In the movie “Ex Machina” a lot of thought centers around the “killing” of AI. [I will avoid referring to an AI as a robot or machine, because part of the challenge in knowing what is moral surrounding AI, is how we classify them, and how “human” we view and treat them.]

As the main character, Caleb, discovers all of the past AI bodies, he is horrified that Nathan would keep creating and destroying them. In Caleb’s eyes, he felt as if wiping the “memory” of an AI is like killing it. This would label Nathan as a murderer. It makes sense that Caleb would see Nathan in this light due to the connection he felt to Ava, however it proposes a serious moral dilemma. This is because “Ex Machina” also demonstrated what can happen when AIs, which are not properly programmed, turn on the humans around them.

I can understand how wiping the memory of an AI might seem harsh or cruel, but is it really worth the risk? After all, it is not really a memory being wiped, but a hard drive. Could you call that murder? And if you did call it murder, then would the reworking of initial stages of AI development be comparable to abortions? Furthermore, how can the murder be condemned while it is ensuring the safety of humans? While our government still uses the death penalty, our people overall [not my personal belief] agree with killing what threatens our lives. In extreme cases can AIs not be comparable to terrorism with an ultimate goal of overthrowing and wiping out the society we live in?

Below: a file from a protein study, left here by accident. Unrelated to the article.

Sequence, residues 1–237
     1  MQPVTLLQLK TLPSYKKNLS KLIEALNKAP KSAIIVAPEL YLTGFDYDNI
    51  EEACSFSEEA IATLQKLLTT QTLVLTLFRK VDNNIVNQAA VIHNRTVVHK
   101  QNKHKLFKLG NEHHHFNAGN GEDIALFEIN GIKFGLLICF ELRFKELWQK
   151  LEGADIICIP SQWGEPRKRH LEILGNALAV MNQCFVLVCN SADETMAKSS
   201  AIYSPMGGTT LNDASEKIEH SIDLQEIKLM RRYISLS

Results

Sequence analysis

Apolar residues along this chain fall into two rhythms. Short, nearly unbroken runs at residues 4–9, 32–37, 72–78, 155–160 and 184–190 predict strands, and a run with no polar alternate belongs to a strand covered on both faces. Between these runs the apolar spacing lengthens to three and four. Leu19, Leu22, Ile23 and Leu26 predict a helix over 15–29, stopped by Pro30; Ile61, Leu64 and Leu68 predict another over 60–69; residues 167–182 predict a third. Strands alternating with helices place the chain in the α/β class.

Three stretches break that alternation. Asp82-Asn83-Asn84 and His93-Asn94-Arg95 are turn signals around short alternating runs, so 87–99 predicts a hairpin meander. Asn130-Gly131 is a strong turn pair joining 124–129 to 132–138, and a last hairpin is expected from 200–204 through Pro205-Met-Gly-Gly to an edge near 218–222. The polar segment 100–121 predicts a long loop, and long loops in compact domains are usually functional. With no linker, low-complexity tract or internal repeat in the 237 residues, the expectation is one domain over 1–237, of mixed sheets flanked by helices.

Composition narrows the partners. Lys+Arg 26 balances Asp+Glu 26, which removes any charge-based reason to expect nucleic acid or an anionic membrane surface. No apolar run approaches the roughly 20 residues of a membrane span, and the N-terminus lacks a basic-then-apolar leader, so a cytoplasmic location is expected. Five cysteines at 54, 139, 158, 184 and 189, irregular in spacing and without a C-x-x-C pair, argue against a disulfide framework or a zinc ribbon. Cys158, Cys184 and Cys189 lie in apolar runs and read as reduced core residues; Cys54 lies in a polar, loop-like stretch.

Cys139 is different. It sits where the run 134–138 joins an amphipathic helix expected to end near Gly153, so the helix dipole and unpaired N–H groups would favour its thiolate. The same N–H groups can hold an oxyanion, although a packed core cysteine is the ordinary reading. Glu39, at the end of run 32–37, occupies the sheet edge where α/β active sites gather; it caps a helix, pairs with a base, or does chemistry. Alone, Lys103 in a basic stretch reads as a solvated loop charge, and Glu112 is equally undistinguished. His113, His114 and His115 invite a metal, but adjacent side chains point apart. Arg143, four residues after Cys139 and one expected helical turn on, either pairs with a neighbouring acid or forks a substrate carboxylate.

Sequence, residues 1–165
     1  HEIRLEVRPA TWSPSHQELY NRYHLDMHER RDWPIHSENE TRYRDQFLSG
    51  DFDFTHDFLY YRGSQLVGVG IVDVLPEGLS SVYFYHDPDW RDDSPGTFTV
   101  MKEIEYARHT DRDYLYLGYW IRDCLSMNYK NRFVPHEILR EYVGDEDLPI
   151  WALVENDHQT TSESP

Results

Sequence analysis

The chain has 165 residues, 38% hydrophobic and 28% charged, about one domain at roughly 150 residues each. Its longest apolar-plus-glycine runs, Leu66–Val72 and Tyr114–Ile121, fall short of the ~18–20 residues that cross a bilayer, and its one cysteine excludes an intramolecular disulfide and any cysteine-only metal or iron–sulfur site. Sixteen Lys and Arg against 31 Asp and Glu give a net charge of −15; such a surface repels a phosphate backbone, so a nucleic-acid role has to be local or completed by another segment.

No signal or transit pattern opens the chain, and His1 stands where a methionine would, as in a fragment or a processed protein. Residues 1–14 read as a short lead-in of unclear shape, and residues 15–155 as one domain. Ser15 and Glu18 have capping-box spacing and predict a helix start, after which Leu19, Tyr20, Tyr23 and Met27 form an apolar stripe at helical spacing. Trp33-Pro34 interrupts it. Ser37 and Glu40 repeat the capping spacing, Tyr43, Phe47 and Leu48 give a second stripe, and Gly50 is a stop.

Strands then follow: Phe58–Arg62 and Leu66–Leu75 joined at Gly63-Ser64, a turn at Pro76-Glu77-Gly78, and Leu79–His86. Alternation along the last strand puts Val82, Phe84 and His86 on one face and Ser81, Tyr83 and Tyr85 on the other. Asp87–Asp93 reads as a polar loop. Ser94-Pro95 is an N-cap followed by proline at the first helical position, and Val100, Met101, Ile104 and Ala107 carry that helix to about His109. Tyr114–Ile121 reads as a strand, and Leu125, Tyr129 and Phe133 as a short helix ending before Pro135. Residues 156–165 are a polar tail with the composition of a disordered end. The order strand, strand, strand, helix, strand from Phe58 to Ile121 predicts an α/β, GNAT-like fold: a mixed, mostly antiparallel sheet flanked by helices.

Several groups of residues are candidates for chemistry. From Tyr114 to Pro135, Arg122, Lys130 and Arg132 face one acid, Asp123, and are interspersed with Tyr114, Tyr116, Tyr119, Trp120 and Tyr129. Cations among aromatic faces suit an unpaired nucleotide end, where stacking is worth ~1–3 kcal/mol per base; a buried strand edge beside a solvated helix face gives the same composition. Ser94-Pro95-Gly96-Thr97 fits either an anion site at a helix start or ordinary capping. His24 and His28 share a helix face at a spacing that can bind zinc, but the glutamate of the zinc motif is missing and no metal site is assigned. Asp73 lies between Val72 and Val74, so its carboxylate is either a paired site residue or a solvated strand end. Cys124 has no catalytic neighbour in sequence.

Ava could potentially cause serious damage to the society she enters at the end of the movie. I can see her walking into the late Nathan’s company and slithering to the top of the totem pole incognito. She would have an unimaginable amount of power with access to all of his programs, and could choose to create more AIs or simply take over on her own. With her intelligence, paired with the amount of access she could obtain, Ava is arguably omniscient. This counters the way Nathan felt about himself as comparable to a god for his creation of AI, and suggest that AI are in fact what are comparable to gods. Ultimately, this surpasses issues of hubris, and becomes an issue of safety. AI have the potential to completely wipe out the human race; if their creator could not contain them how could anyone else?

I would argue it unwise, and even irresponsible to not wipe clean an AI, whether you classify it as clearing a memory or hard drive, murder or turning a computer off. Unless the scientist was completely sure an AI would have good rather than malicious intentions, it is far too great of a risk to not make improvements. I would further argue that it would be less moral to keep the AI “alive” while it posed such a great threat to society. Creating safe AI will take time, and will come through trial and error. If we are to pursue artificial intelligence, we must view it as this kind of a building process, and move forward with caution.